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August 1989

The Facial Nerve in Eyelid Surgery

Author Affiliations

Salt Lake City, Utah

Arch Ophthalmol. 1989;107(8):1114-1115. doi:10.1001/archopht.1989.01070020180007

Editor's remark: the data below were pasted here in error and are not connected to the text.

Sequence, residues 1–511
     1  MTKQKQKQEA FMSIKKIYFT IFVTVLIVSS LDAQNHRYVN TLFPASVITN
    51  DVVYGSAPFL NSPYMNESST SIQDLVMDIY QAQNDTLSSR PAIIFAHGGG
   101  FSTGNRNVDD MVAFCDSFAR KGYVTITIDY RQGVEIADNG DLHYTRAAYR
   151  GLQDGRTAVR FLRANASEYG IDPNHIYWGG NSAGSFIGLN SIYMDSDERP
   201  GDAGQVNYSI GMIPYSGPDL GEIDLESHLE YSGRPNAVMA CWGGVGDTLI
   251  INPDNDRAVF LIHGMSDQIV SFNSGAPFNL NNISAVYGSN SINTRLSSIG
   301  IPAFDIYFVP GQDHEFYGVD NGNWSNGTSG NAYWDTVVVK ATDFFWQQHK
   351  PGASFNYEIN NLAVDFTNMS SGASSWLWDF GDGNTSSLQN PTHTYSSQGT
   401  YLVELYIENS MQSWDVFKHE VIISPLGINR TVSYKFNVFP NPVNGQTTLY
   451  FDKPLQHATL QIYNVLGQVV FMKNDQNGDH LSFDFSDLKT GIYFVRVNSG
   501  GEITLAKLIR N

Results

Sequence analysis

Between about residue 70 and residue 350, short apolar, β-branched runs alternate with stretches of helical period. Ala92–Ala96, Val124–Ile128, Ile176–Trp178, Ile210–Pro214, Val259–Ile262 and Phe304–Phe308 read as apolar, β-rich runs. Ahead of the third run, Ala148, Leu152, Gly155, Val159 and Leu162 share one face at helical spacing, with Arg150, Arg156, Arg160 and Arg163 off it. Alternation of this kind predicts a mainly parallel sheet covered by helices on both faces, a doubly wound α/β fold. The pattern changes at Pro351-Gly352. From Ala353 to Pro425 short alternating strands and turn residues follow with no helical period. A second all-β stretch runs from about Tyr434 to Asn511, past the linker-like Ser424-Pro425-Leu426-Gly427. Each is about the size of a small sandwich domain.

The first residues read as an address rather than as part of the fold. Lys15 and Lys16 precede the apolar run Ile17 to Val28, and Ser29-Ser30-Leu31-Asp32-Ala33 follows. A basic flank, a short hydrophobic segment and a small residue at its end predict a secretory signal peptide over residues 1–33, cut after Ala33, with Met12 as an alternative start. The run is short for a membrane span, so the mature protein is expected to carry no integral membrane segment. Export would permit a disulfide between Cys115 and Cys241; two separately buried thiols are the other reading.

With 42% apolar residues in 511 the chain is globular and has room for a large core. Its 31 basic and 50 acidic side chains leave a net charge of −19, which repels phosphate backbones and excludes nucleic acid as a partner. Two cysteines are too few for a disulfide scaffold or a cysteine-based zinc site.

To the Editor.  —The anatomy of the facial nerve within the various facial muscles that they innervate is quite important yet is seldom mentioned in the literature. Surgeons who perform eyelid or brow surgery should be concerned with the location of those fibers from the temporal and zygomatic branches that innervate the orbicularis oculi muscles.' Interruption of these nerves prior to entry into the orbicularis or within the distribution of the orbicularis may, at least temporarily, prevent full closure of the eyelids, resulting in possible corneal damage.The facial nerve exists from the styloid canal in the mastoid process of the temporal bone, and then passes beneath the external auditory canal to enter the posterior substance of the parotid gland.2,3 Here it divides into an upper (temporofacial) and lower (cervicofacial) branch. The upper branch further divides into temporal and zygomatic branches; the lower branch divides into buccal, mandibular, and

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